For banks, Super Apps can have adverse impact in a couple of ways. First, services such as PayPal in 4, Afterpay, PayPal Credit or PayPal/Venmo credit cards can reduce issuers’ credit card spend and subsequently balance as well as revenue. Secondly, it’s in their interest to have users maintain an in-app balance and keep funds away from banks’ checking accounts. Think about it this way: would you feel more poised to use PayPal when your PayPal balance was $20 or $0? That’s why Venmo credits dormant users $10 for downloading and logging into the app again or why Square wants users to keep tax refunds in Cash App balance. The reduction in deposits can raise banks’ cost of funds as well as threaten to cut off the most fundamental relationship with customers. 

On the other hand, Super Apps present a battleground for financial institutions vying for wallet share. Once the connection between checking accounts or debit/credit cards and these Super Apps is established, users often don’t want to go through the inconvenience of updating their default payment method. Hence, every financial institution wants to be the primary source of funds for consumers on these Super Apps to have a leg up over the competition. In this sense, Super Apps offer a business opportunity.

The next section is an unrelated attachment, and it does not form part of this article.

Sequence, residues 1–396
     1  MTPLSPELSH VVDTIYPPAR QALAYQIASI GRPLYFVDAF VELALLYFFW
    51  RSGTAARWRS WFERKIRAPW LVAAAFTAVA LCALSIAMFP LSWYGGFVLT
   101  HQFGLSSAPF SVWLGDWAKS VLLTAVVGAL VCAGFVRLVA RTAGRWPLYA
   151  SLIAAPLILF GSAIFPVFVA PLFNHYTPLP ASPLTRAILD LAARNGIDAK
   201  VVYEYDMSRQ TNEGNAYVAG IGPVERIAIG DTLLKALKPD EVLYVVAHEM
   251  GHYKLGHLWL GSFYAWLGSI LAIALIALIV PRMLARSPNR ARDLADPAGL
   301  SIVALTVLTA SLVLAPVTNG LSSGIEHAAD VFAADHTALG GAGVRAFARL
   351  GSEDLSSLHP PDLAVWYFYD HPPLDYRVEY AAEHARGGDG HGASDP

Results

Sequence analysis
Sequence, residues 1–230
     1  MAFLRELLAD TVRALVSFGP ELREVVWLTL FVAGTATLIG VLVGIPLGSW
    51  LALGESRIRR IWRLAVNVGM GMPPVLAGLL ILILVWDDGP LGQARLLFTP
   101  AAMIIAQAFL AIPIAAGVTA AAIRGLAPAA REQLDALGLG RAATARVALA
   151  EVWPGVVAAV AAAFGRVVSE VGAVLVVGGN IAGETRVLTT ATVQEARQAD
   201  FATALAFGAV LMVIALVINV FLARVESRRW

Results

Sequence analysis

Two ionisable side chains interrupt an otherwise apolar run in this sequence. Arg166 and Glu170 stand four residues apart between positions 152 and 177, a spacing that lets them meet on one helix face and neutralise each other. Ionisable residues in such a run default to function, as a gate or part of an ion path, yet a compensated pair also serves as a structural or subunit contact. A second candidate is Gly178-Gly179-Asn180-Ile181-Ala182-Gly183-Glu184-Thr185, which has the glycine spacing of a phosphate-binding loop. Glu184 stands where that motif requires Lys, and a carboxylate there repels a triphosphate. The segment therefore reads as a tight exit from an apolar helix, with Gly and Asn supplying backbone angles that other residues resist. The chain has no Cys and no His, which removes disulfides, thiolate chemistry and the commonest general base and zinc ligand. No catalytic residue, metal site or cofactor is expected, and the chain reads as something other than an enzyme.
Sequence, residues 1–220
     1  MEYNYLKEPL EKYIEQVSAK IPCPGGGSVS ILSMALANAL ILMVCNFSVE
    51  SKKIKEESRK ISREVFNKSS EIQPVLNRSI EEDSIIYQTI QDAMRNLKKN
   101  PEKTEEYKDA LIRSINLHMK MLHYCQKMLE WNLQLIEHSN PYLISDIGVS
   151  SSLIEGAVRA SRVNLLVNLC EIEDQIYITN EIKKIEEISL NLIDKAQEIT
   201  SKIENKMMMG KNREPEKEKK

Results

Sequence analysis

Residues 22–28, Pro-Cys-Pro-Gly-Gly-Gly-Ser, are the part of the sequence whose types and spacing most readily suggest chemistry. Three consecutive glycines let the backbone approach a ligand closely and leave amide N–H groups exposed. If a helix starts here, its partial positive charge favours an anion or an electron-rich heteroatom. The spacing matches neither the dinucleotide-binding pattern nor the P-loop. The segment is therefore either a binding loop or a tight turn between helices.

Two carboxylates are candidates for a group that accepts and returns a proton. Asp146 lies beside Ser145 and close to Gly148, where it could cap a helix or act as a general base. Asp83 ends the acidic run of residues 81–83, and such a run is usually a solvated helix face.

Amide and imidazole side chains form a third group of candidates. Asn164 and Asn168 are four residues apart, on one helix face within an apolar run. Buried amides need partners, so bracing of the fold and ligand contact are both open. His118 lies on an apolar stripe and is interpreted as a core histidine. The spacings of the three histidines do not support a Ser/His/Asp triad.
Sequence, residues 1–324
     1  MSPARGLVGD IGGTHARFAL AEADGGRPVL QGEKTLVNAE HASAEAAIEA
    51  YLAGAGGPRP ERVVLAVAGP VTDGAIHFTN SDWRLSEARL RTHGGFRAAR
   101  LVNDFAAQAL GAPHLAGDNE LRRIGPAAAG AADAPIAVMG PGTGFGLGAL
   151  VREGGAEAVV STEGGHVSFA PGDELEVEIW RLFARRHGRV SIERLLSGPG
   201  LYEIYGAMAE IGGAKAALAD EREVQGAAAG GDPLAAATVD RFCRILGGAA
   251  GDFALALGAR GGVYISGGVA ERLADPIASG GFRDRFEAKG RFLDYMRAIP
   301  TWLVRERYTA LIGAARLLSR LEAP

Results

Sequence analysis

In summary, as you can see above, there are multiple paths towards the Super App status, whether an app’s starting point is to be in messaging, digital wallets or ride-sharing. I think all successful consumer-facing apps have ambition to gain the Super App status. If not, they’d do something wrong. It’ll be interesting to see how these Super Apps compete for mindshare as feature parity is established (meaning they all offer similar features). For merchants, working with Super Apps can be a double-edged sword. While the benefits these apps bring are very tempting, merchants need to keep in mind the risk of losing customer relationships. Like people usually say: don’t miss the forest for the trees.

Review of my 2021

Here is the scorecard for my 2021.

Investing

The last couple of months wasn’t nice to my portfolio, but overall I made money in the whole year. My portfolio’s total return went from 4% in 2019 to 23% in 2020, to 40% in 2021. It’s not much, but it’s honest work and I can’t say I am too disappointed. Can it be better? Absolutely.